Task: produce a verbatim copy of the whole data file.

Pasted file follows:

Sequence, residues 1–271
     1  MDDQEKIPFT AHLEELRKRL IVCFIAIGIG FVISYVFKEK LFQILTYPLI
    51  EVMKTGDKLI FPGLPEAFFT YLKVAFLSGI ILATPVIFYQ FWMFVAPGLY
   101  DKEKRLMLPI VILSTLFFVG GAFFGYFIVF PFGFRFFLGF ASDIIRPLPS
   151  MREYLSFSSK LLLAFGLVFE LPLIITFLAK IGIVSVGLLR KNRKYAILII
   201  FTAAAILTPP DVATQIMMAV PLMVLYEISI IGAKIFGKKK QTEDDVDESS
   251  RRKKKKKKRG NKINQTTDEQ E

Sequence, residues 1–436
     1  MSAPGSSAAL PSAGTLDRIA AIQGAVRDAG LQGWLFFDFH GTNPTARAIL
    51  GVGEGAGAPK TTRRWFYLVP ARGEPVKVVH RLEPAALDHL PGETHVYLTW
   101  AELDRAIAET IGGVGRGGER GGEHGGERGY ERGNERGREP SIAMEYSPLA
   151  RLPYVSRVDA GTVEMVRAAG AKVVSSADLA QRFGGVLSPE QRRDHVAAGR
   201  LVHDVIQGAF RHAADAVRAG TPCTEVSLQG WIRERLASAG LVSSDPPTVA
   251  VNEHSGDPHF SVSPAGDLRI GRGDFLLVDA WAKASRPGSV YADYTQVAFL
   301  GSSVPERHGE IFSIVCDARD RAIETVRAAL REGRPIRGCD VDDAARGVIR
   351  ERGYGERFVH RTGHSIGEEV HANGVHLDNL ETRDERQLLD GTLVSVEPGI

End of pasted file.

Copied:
Sequence, residues 1–271
     1  MDDQEKIPFT AHLEELRKRL IVCFIAIGIG FVISYVFKEK LFQILTYPLI
    51  EVMKTGDKLI FPGLPEAFFT YLKVAFLSGI ILATPVIFYQ FWMFVAPGLY
   101  DKEKRLMLPI VILSTLFFVG GAFFGYFIVF PFGFRFFLGF ASDIIRPLPS
   151  MREYLSFSSK LLLAFGLVFE LPLIITFLAK IGIVSVGLLR KNRKYAILII
   201  FTAAAILTPP DVATQIMMAV PLMVLYEISI IGAKIFGKKK QTEDDVDESS
   251  RRKKKKKKRG NKINQTTDEQ E

Sequence, residues 1–436
     1  MSAPGSSAAL PSAGTLDRIA AIQGAVRDAG LQGWLFFDFH GTNPTARAIL
    51  GVGEGAGAPK TTRRWFYLVP ARGEPVKVVH RLEPAALDHL PGETHVYLTW
   101  AELDRAIAET IGGVGRGGER GGEHGGERGY ERGNERGREP SIAMEYSPLA
   151  RLPYVSRVDA GTVEMVRAAG AKVVSSADLA QRFGGVLSPE QRRDHVAAGR
   201  LVHDVIQGAF RHAADAVRAG TPCTEVSLQG WIRERLASAG LVSSDPPTVA
   251  VNEHSGDPHF SVSPAGDLRI GRGDFLLVDA WAKASRPGSV YADYTQVAFL
   301  GSSVPERHGE IFSIVCDARD RAIETVRAAL REGRPIRGCD VDDAARGVIR
   351  ERGYGERFVH RTGHSIGEEV HANGVHLDNL ETRDERQLLD GTLVSVEPGI